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Would You Like a Nice Pinot With That Fish?


I am a great believer in the traditions of wine. I suppose I began following them long before I even knew they existed. But you have to know where to draw the line. Tradition provides us the rules. And then we break them.

Take this notion of not serving red wine with fish. I readily admit that I drink white wine with fish more often than not. More and more, though, we are cooking fish in ways that invite red wine. Blackened fish, seared tuna, fish dishes influenced by the seasonings of the Mediterranean, the Caribbean or the Orient ... they all work as well or better with certain red wines.

Which red wine, of course, is important. I happen to like Zinfandel with blackened salmon, but the red variety I turn to more than any other is Pinot Noir. Not just any Pinot Noir; ones that rely on balance, elegance and openness, as opposed to ripeness and mass.

You find such wines quite often from France, but less frequently here on the West Coast. Most of our best Pinots are rich, full-bodied, intense wines that take advantage of our hospitable growing conditions.

But, as in all things, there are exceptions to the rule. Winemakers such as Gary Farrell break with tradition and find ways to make flavorful Pinot at lower ripeness levels and with more firming acidity than their peers. And Oregon winemakers, blessed with a particularly cool climate, often make such wines.

Admittedly, wines of the style I would drink with salmon or tuna, or even with a rich lobster dish, are hard to find. But when you want to flout tradition, you need look no further than the wines recommended below.

1998 Benton Lane Winery, Oregon, $16. With its controlled ripeness and quiet but likeable fruit, this is a clean, mannerly, eminently drinkable wine, punctuated in the finish by a bit of acidity. It might not rank high as a partner to beef or lamb but it would be a brilliant choice with almost any pan-seared fish from trout to tuna.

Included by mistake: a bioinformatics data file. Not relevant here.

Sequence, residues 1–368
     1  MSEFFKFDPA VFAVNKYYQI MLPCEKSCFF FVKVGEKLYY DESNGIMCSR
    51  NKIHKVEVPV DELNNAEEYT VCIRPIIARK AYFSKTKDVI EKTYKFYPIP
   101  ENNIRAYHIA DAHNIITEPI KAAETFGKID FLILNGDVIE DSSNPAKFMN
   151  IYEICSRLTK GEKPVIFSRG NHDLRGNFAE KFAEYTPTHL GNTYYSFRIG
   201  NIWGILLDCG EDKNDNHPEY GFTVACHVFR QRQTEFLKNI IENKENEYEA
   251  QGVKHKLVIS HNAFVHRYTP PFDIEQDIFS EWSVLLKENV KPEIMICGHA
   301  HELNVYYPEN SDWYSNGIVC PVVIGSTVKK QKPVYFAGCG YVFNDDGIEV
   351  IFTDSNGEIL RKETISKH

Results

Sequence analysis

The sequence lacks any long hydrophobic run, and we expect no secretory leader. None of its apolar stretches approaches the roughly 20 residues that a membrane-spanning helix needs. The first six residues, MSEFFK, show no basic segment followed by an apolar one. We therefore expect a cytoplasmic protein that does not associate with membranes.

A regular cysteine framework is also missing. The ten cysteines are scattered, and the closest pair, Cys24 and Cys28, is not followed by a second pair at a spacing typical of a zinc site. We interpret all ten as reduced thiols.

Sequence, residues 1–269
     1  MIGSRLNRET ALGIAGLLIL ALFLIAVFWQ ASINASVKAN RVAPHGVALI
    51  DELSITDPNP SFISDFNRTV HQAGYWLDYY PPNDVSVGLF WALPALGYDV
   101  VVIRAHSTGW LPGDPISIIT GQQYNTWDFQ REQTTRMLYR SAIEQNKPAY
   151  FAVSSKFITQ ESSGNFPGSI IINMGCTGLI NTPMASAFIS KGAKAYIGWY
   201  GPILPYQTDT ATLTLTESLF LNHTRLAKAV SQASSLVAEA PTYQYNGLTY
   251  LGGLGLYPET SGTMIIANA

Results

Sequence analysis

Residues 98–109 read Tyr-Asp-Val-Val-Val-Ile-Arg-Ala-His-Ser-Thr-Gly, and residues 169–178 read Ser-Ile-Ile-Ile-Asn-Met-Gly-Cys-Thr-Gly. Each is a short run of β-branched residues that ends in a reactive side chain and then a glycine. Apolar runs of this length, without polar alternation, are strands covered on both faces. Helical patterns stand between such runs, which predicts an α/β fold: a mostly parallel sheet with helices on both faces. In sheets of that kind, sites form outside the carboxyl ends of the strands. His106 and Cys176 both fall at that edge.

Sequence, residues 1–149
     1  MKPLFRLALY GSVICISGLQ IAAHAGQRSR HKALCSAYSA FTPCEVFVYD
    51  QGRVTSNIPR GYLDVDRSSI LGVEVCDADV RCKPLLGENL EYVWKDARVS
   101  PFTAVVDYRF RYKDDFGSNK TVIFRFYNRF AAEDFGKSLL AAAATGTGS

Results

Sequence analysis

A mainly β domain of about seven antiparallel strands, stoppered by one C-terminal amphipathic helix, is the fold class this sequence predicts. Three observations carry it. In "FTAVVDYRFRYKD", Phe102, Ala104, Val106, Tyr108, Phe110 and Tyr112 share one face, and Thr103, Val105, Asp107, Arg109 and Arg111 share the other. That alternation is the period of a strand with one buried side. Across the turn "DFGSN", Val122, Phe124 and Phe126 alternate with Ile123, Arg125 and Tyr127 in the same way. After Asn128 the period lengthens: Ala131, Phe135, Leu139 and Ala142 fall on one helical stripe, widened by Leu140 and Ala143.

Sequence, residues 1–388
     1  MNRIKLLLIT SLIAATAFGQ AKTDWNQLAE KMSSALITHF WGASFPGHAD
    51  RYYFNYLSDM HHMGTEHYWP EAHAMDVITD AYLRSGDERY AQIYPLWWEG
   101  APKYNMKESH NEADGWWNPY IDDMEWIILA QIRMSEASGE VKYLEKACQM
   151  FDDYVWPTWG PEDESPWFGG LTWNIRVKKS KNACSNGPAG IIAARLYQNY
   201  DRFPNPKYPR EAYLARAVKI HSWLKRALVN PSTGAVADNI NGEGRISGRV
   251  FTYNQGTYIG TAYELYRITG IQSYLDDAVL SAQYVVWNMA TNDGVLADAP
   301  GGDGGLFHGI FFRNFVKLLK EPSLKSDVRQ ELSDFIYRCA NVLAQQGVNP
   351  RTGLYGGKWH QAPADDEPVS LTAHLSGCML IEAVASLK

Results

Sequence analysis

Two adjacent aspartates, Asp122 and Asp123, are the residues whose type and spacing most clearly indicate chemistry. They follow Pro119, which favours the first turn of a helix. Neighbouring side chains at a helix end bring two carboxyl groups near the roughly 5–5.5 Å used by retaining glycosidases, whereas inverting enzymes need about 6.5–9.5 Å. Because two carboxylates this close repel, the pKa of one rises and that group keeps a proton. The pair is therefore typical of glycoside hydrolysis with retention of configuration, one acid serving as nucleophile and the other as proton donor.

$ 1997 Camelot Vineyards, California, $10. Impeccably made in a balanced yet open and accessible style, this mild, moderately fruity wine carries a lovely bit of cherry. While not the biggest wine around, it would be just as comfortable with roasted chicken or coq au vin as with a simple fish steak.

* 1999 Chalone Vineyard, Chalone Appellation, $32. When I first started collecting wine, back in the '70s, Chalone was the preeminent maker of Pinot Noir. Indeed, some of my Chalone Pinots of that era remain among the best wines in my cellar. These are generally not understated wines; rather, they have such keen balance and deep fruit that they have lasted now for more than two decades. The current bottling is a little lighter than those, but it remains true to the notion of balance. Just last week, at a favorite restaurant, it was a good match for both my wife's salmon in miso and soy and my buttered lobster on polenta.

$ * 1999 DeLoach Vineyards, Russian River Valley, $16. Here is a likeable, well-defined young Pinot that shows both good essential fruitiness and a bit of the velvety texture that is so desired of the variety. It is balanced by a firm note of late-arriving acidity. Drink it now or over the next three or four years.

* 1998 Gary Farrell, Russian River Valley, Rochioli Vineyard, $60. If you were to ask me to name the one winemaker in California to whom I look for balanced elegance in Pinot Noir, it would be Gary Farrell. In many years, the single best example of the style would come from Farrell's wine from the Rochioli Vineyard. In 1998, the grapes were not quite as generous as they might have been in terms of depth and intensity, and so the wine is only very good instead of carrying the marks of greatness. Still, any discussion of well-made Pinot Noirs will always include Farrell and his offerings. Skip this one if the price is too high, but do not forget the name.

* 1998 Keyhole Ranch, Russian River Valley, $20. This wine from Seghesio Vineyards, whose Zins are rapidly advancing to the top ranks, combines richness and fruit in a most inviting manner yet never lets go of its acidity. Big and full enough to hold its own with steaks and chops, it has the piquant balance to be a very happy mate to a meaty piece of rare tuna.

* 1998 Paraiso Springs Vineyards "Santa Lucia Highlands," Monterey County, $20. A bit of a surprise in the mouth given its reticent aromas, this fruity wine displays good depth and vitality in its lengthy, gracefully oaked, ripe cherry flavors. Smooth and supple, it drinks nicely now but should improve over the next several years.

* 1999 Willakenzie Estate "Pierre Leon," Oregon, $28. This young, sturdy, well-ripened wine may lack a bit of its manners at present, but has firm underpinnings and attractive depth. Serve it now or let it smooth out a few years in the cellar.


Definition of Symbols

* * * A world-class wine, superb by any measure, the top 1% to 2% of all wines tasted.

* * An exceptional wine, well worth the effort to find, 10% to 12% of wines tasted.

* An admirable wine, tasty, focused, attractive, about 25% of wines tasted.

No Rating: The best are quite pleasant and can be good buys when moderately priced.

$ Good value for the money.

x Below average quality, to be avoided.

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